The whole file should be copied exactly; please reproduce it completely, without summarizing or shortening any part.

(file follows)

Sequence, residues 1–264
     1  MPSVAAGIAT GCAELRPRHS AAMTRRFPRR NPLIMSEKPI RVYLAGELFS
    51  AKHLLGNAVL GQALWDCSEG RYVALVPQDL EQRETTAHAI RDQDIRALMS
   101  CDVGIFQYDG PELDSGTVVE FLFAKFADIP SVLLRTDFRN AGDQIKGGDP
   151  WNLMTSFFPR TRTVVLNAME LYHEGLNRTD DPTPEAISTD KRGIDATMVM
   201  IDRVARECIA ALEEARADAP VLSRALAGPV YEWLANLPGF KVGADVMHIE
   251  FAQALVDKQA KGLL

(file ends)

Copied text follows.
Sequence, residues 1–264
     1  MPSVAAGIAT GCAELRPRHS AAMTRRFPRR NPLIMSEKPI RVYLAGELFS
    51  AKHLLGNAVL GQALWDCSEG RYVALVPQDL EQRETTAHAI RDQDIRALMS
   101  CDVGIFQYDG PELDSGTVVE FLFAKFADIP SVLLRTDFRN AGDQIKGGDP
   151  WNLMTSFFPR TRTVVLNAME LYHEGLNRTD DPTPEAISTD KRGIDATMVM
   201  IDRVARECIA ALEEARADAP VLSRALAGPV YEWLANLPGF KVGADVMHIE
   251  FAQALVDKQA KGLL